Belgium’s housing market remains vibrant
Lalaine C. Delmendo | January 02, 2020
The Belgian housing market is felt by many analysts to be overvalued. But Belgium’s house prices continue to rise, amidst strong demand and slowing residential construction activity.
During the year to Q3 2019, the nationwide house price index in Belgium rose by 3.93% (2.73% inflation-adjusted), after rising2.54% in the equivalent period last year, according to the Statistics Belgium. Quarter-on-quarter, the index increased 2.92% in Q3 2019 (3.03% inflation-adjusted).
Existing dwelling prices increased 4.37% y-o-y in Q3 2019 (3.17% inflation-adjusted). New dwelling prices rose by 2.09% over the same period (0.92% inflation-adjusted).
Belgium´s housing market remains vibrant. The number of transactions for houses rose by 3.6% y-o-y during the first three quarters of 2019, according to Statistics Belgium. Likewise, apartment transactions increased 8.5% over the same period.
Despite rising demand, residential construction activity is slowing in Belgium. During the first eight months of 2019, the number of dwelling permits fell by almost 19% y-o-y to 36,126, and residential building permits issued also declined by 10.5% to 18,157, according to Statistics Belgium.
During Belgium’s housing boom (2000-Q3 2008), nationwide house prices soared by 129% (86% inflation-adjusted). Since the crisis, house prices have followed the economy. When the economy was strong, house prices rose. When the economy was weak, house prices stagnated.
When the economy emerged from recession in 2011, the housing market bounced back strongly with Brussels house prices surging by 9.58% (5.7% inflation-adjusted). House prices rose slowly post-recession, by 1.12% in 2012, 1.13% in 2013, 0.96% in 2014, and 1.52% in 2015.
Since then the pace has quickened. House prices rose by 2.54% in 2016, 3.55% in 2017, and 2.52% in 2018, amidst improved economic growth.
Belgian house prices are projected to rise by about 3.2% in 2019 and by another 2% in 2020, according to ING Bank.
However in 2019, the Belgian economy was estimated to have expanded by only 1.3%, the lowest growth since 2013, based on the latest projections released by the National Bank of Belgium (NBB). The European Commission is even more pessimistic, projecting a minuscule real GDP growth of 1.1% for the country in 2019, amidst a slowing global economy. But this remains at par with Belgium’s average economic growth of 1% annually from 2008 to 2018.
There are no foreign ownership restrictions in acquiring Belgian property.
Regional house price variations
Belgium is divided into three regions:
- the Flemish Region that occupies the northern half with Dutch-speaking communities;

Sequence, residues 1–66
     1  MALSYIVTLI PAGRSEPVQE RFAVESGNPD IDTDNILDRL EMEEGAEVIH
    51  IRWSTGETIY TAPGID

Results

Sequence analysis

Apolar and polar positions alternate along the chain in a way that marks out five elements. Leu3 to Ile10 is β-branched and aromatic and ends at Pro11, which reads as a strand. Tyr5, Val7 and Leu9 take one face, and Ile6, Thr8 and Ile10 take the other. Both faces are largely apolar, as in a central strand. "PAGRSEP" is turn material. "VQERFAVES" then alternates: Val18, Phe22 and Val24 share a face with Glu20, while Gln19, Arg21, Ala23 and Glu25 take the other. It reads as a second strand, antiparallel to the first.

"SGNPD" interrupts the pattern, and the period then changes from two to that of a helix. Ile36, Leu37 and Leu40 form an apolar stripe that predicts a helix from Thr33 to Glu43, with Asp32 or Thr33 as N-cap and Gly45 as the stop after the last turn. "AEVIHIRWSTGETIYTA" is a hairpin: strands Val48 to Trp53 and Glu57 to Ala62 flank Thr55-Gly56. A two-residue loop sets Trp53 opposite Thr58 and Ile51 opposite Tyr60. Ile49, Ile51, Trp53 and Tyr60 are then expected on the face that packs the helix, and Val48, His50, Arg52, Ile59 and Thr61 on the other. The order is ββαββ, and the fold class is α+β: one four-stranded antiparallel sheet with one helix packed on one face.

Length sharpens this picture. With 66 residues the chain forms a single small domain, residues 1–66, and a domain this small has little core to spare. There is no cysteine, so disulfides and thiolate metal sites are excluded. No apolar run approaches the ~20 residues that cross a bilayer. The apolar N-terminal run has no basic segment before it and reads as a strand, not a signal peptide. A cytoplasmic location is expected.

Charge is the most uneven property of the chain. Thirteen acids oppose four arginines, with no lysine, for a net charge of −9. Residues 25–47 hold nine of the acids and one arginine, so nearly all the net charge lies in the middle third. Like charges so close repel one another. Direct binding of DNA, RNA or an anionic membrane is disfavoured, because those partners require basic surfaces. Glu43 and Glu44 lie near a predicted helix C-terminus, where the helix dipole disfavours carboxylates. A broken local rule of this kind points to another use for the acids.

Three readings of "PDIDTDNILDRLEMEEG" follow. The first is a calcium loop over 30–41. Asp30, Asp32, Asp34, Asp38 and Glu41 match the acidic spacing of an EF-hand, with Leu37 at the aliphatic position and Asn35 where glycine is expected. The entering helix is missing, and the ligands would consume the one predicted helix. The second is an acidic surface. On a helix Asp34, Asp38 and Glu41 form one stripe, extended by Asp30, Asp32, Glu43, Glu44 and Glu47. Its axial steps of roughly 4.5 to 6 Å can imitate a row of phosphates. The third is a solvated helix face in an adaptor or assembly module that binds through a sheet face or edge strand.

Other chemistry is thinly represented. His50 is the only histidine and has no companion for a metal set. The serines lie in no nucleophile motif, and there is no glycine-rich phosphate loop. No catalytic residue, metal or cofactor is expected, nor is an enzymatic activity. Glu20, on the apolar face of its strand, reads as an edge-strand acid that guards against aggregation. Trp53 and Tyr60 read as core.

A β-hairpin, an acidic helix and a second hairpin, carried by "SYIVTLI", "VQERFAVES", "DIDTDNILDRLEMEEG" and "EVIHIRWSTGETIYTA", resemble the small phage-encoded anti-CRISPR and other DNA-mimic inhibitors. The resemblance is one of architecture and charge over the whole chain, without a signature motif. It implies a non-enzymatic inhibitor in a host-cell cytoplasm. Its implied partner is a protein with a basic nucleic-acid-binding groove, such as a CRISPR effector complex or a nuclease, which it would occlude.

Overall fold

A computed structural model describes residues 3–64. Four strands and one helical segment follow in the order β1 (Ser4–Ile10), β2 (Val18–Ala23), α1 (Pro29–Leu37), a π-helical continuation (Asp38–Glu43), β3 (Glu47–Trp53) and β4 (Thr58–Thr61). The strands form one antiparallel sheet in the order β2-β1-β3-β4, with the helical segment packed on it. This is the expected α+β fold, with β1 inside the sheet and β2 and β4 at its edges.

- the Walloon Region which occupies the southern-half and is made-up largely of French-speaking communities, with a small German-speaking community in the south-east; and
- Brussels, the administrative capital region, an officially tri-lingual city inside the Flemish region.
Each region and community has a separate parliament and executive administration. Power has been increasingly devolved. There is also a persisting ethnic conflict, and the political union has come under rising threat.
Property prices in Belgium’s three regions move in the same price cycle, but the capital has registered much the highest price increases. Prices in Brussels surged almost 200% (140% in real terms) from 1998 to 2008, much more than in the two other regions (143% for the Flemish region and 116% in Walloon), according to Statistics Belgium.
The drivers of Belgium’s house price boom were:
- rapid mortgage market expansion, due to low interest rates and increased competition between banks; and
- economic and wage growth.
When these conditions were reversed with the global credit crunch, house price rises slowed sharply - particularly in Brussels, where prices had previously risen so fast. From 2009 to 2018, house prices in Brussels increased by only 17.8% (and actually fell by 1.1% in real terms).
In the Flemish and Walloon regions, prices rose 2009-2018 by 36.7% (14.8% in real terms) and 20.9% (1.5% in real terms), respectively.
But house price growth has noticeably strengthened this year. In Q3 2019:
- In Brussels-Capital region, house prices rose by 5.46% y-o-y (4.25% inflation-adjusted) in Q3 2019, to an average of €425,000 (US$476,085). House prices increased strongly by 6.25% (6.37% inflation-adjusted) q-o-q in Q3 2019.
- In the Flemish region (Flanders), prices of houses increased 2.32% y-o-y (1.14% inflation-adjusted) to an average of €265,000 (US$296,853). Quarter-on-quarter, house prices rose by 3.92% (4.04% inflation-adjusted).